Text: John 12:12-19
As we’ve been getting closer and closer to Easter this year, I’ve had this weird urge to watch the old Charlton Heston version of The Ten Commandments. I suppose it’s not actually that odd. It probably springs from the years of my childhood when it was broadcast on national television somewhere around Holy Week, which it still is, on ABC. What interests me is that it’s not an Easter movie. It’s about the Passover, the Exodus, and the Ten Commandments. The name Jesus isn’t mentioned in it at all. And yet, through the eyes of Scripture, it definitely is an appropriate film for this time of the Church year.
It feels like we just heard the Triumphal Entry, and that’s because we have. The lectionary also places the Triumphal Entry on the First Sunday in Advent, where we hear it to prepare for our Lord’s second coming. Today we hear the text again as we remember and confess our Lord’s Passion. The Triumphal Entry marks the final week of Jesus’ life. Today we’ll see that Jesus, our humble king, rides on to the cross in fulfillment of the Scriptures and for our salvation.
But, like I’ve said, I’ve had this weird urge to watch The Ten Commandments. I’ve also been listening to a heavy metal concept album about the Exodus. Maybe it’s because the daily lectionary, which provides Scripture readings for every day of the year (you can find it beginning on pg. 299 in our hymnal), has been walking us through the story of Abraham, Isaac, Jacob, Joseph, and now Moses. This week we’ll hear about the plagues, the Passover, and the crossing of the Red Sea. Now, what I’m getting at with Charleton Heston, with concept albums and the lectionary, is that there’s a connection the Scriptures make that we sometimes forget. In chapter 12, St. John is inspired by the Holy Spirit to tell us that we’ve now entered the week leading up to the Passover. The Passover and Jesus’ Passion are connected; it’s not a coincidence.
The Holy Spirit mentions the Jewish festival three times in John’s Gospel, each time taking something connected to the Passover and doing something new. The first time was at the wedding in Cana. The six stone jars, each holding twenty or thirty gallons of water that Jesus turned into wine – those were for washing in preparation for the Passover. The Passover is mentioned again at the feeding of the 5,000. In the wilderness Jesus fed the multitudes, with 5 loaves and 2 fish. The manna and quail were an Old Testament preview. The third time the Passover is mentioned in John’s Gospel is as we enter the week of our Lord’s passion. It’s not a coincidence.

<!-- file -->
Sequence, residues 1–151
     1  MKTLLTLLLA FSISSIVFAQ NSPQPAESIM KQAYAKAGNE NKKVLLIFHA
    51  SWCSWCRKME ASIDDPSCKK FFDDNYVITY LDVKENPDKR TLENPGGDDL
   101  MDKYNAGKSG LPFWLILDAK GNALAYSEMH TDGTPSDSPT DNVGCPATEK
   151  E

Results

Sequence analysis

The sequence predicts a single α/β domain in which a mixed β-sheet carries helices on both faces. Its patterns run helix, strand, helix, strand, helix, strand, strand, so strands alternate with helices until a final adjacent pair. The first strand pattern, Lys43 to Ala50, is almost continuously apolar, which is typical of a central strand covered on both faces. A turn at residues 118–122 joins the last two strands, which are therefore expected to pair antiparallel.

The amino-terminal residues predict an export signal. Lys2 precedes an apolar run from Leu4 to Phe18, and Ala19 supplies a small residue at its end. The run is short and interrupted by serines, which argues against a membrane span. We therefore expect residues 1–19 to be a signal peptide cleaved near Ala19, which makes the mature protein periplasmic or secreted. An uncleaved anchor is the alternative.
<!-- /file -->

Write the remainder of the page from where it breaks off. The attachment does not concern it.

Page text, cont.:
The Passover was given by the Lord in Exodus 12 as meal to be eaten in preparation for the Exodus. The people were to take an unblemished male lamb and slaughter it at twilight. Then they were to take some of its blood and put it on their doorposts. The blood would be sign for them. When the Lord came through to strike down the firstborn of Egypt, He would see the blood on the crossbars of their doors and pass over them. Through the blood, death passed over. That’s not a coincidence.
The Passover pointed ahead to and is now fulfilled in the Passion, the suffering, of our Savior. Like the Israelites in Egypt, we stood in the bonds of slavery. Only our slavery was to sin, to death and the powers of hell. From of old, God has heard the cries of His people. Every tear of distress, every cry of anguish and grief, every prayer of sorrow prayed by loved ones left behind, has entered God’s ears. In the Garden of Eden He promised that He would put an end to death and the devil, and it happens this week. We remember and confess this week the most holy and sacred week in the history of the universe, where the Son of God dies for us. His arms were outstretched on the cross so that His blood now marks our doors. Through His suffering and passion, we are rescued from slavery to sin as death passes over us.
The Evangelist writes,
The next day the large crowd that had come to the feast heard that Jesus was coming to Jerusalem. So they took branches of palm trees and went out to meet him, crying out, ‘Hosanna! Blessed is he who comes in the name of the Lord, even the King of Israel!’ And Jesus found a young donkey and sat on it, just as it is written.